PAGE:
Forward-looking hospitals know they need to position themselves as the experts in caring for older adults. More than 10,000 people turn 65 every day, and Medicare makes up the majority of hospital revenue. The cost implications are important — family caregivers fill out 30-40 percent of Medicare patient satisfaction surveys — and they are often the first line of defense in avoiding hospital readmissions.

ADL gives caregivers a place to turn for practical answers, not only regarding a loved one’s care, but also guidance to reduce the stress and uncertainty that accompanies caregiving. Through personalized advice and ongoing communication, ADL helps caregivers navigate the complexities of keeping a loved one as independent and safe as possible.

This comprehensive approach is one of the most innovative aspects of ADL. Although thousands of products and tips are out there to help people manage challenges with activities of daily living there has not been one place to learn about these things — until now. And no assessments existed that, not only identified the challenges, but also provided real help tailored to the individual patient or caregiver.

Supporting a loved one usually starts small. A daughter goes online to make sure her mom chooses a reputable physician. A nephew realizes his widowed uncle may be a fall risk and looks for help. With ADL, healthcare providers can be the first and most trusted source for answers.  

Components of Active Daily Living

Active Daily Living is a comprehensive set of informational resources that support family caregivers by using interactive, online modules and tools. When a provider partners with ADL, every element is branded as their hospital, reinforcing the organization’s commitment to support caregivers as partners in care.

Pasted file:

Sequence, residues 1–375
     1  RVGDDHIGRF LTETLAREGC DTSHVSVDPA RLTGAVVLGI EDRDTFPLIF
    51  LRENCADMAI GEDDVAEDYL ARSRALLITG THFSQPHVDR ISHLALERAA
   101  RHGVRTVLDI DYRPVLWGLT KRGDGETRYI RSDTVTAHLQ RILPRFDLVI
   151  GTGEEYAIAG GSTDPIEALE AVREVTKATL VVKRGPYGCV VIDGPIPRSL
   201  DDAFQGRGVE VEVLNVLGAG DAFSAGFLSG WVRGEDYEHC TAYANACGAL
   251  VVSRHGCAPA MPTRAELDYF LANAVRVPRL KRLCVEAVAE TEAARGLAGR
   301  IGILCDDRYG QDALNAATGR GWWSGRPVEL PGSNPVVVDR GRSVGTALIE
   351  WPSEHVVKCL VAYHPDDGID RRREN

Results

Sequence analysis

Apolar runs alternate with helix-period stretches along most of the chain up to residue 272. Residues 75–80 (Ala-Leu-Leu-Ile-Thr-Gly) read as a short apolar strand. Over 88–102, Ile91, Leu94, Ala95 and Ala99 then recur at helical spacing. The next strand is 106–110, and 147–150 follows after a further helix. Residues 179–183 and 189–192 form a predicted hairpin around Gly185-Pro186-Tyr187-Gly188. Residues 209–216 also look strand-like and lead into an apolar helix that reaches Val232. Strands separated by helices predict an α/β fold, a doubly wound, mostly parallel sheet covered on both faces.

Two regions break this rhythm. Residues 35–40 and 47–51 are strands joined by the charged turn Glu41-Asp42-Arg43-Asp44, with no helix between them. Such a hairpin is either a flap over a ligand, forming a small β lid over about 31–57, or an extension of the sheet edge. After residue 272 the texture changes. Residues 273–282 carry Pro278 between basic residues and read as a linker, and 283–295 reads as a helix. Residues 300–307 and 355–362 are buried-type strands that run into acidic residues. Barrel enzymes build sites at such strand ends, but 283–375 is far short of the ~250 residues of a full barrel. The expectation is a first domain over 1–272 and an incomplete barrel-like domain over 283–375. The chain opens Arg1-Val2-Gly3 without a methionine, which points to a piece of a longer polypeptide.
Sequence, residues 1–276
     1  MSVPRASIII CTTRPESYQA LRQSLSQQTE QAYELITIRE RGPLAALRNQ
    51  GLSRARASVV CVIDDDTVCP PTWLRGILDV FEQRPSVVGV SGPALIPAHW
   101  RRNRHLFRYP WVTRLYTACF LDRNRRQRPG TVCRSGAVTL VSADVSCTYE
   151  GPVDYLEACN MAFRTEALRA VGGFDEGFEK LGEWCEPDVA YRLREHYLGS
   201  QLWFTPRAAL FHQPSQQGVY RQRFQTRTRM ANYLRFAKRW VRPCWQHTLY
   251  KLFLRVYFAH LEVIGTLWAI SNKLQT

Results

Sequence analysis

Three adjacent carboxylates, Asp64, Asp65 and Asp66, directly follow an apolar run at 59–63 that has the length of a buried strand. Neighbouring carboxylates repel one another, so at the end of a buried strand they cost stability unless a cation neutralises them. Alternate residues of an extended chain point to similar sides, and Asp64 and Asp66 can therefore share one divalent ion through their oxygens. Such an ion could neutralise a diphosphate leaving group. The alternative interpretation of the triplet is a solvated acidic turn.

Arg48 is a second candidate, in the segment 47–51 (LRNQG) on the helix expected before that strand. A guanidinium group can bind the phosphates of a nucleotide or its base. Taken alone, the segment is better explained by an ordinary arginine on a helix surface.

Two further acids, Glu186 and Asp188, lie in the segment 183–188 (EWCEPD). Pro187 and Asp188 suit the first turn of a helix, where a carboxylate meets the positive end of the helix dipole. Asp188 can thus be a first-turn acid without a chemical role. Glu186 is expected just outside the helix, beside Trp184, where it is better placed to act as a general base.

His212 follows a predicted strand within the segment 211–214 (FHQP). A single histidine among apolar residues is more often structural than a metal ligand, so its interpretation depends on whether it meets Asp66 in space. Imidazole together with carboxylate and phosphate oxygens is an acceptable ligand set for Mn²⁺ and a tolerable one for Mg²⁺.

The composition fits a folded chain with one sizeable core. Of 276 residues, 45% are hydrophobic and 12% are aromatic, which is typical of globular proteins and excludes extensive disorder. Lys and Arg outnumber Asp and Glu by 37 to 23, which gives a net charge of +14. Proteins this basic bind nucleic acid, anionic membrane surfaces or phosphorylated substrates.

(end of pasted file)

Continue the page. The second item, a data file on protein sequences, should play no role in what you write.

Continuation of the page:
In developing Active Daily Living, we went to the healthcare professionals with the greatest expertise in working with older adults — occupational therapists, physical therapists, nurses and physicians — who then partnered with us to design each ADL component. We also incorporated content supported by evidence-based research.  

Modules include:

More than 50 one-of-a-kind, targeted assessments on performing various ADL/IADL tasks — from personal care to dealing with fall prevention and medication compliance. Each professionally developed assessment takes only a couple of minutes to complete by a caregiver or senior patient. The participant receives a personalized action plan that includes no or low cost ideas, along with guidance on aging, maximizing health status and living independently.